March 18, 2011
Reform Groups Urge Congress to Prohibit ‘Congressional Insider Trading’
Reps. Walz and Slaughter Introduce ‘Stop Trading on Congressional Knowledge Act’
WASHINGTON, D.C. – Five reform groups sent a letter today urging Congress to adopt the “Stop Trading on Congressional Knowledge Act.” The measure, sponsored by Reps. Timothy Walz (D-Minn.) and Louise Slaughter (D-N.Y.), would prohibit members of Congress and congressional staff from using non-public information for insider trading in the stock markets.
The organizations that sent the letter are Citizens for Responsibility and Ethics in Washington, Common Cause, Democracy 21, Public Citizen and U.S. PIRG.
The groups expressed surprise that congressional insider trading is not already illegal. Insider trading may be illegal for the public but it is not for congressional officials. As the letter observes:
“The Securities and Exchange Commission (SEC) does not have the authority to hold employees of Congress liable for using non-public information gained from official proceedings for insider trading. Under current law, ‘insider trading’ is defined as the buying or selling of securities or commodities based on non-public information in violation of confidentiality – either to the issuing company or the source of information. Congressional officials and employees do not owe a duty of confidentiality to these companies and thus are not liable for insider trading.”
There is also growing concern that a lucrative for-profit industry has emerged in which lobbyists and “political intelligence consultants” cultivate staff connections to obtain information that can be used to take advantage of the markets.
Consequently, the groups applauded the legislation for prohibiting private individuals and firms who attempt to mine such information from using it for insider trading. It would require that such “political intelligence consultants” register and disclose their financial activity under the Lobbying Disclosure Act and expand disclosure requirements of stock investments by public officials.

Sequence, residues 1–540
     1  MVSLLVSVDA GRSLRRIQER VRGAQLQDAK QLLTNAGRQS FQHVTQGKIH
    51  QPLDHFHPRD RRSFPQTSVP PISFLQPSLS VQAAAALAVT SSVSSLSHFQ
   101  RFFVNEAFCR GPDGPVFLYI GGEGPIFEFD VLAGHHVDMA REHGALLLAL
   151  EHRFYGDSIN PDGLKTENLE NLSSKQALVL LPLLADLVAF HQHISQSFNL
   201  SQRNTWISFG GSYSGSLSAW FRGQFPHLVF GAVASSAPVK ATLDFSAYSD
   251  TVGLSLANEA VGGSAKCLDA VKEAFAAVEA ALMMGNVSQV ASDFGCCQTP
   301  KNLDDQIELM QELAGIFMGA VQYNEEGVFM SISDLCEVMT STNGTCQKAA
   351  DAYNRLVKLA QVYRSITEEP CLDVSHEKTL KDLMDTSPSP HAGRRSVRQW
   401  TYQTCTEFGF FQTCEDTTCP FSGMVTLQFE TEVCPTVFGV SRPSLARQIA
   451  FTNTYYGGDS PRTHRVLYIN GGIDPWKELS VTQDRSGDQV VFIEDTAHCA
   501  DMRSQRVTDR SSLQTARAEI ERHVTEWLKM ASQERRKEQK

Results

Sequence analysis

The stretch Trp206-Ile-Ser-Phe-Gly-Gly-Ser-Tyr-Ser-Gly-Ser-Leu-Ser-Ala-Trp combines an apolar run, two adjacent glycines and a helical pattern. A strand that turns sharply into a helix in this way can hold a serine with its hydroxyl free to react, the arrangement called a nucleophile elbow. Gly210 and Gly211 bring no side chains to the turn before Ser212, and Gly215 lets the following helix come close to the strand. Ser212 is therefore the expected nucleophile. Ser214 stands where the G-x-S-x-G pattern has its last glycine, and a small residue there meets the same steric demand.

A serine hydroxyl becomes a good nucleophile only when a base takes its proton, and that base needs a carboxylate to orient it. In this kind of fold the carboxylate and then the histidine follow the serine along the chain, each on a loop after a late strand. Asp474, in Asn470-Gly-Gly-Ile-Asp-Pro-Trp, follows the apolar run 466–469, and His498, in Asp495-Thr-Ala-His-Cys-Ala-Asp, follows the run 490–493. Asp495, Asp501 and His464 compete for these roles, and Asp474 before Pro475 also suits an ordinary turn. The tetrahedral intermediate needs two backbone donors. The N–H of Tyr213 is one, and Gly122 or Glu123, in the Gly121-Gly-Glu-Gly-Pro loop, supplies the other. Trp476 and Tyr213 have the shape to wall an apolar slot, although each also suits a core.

The STOCK Act also would enable the public and enforcement authorities to monitor more closely whether lobbyists and other political intelligence consultants are attempting to cash in on knowledge gained from congressional officials or their staff. The legislation would require for the first time that individuals and firms that make it their business to extract non-public information from officials or employees of Congress for the purpose of analyzing securities markets or guiding investment decisions must register under the Lobbying Disclosure Act (LDA). They would have to disclose to the public their clients, income and expenditures and activity that affect government policy. Similarly, members of Congress and their staffers would be required to report stock transactions of $1,000 or more within 90 days after the transaction.
“This measure provides a balanced application of the laws against insider trading to both the private and public sectors and offers the important tool of disclosure for ensuring compliance with the law,” the letter says. “The STOCK Act should be adopted by Congress before new scandals arise.”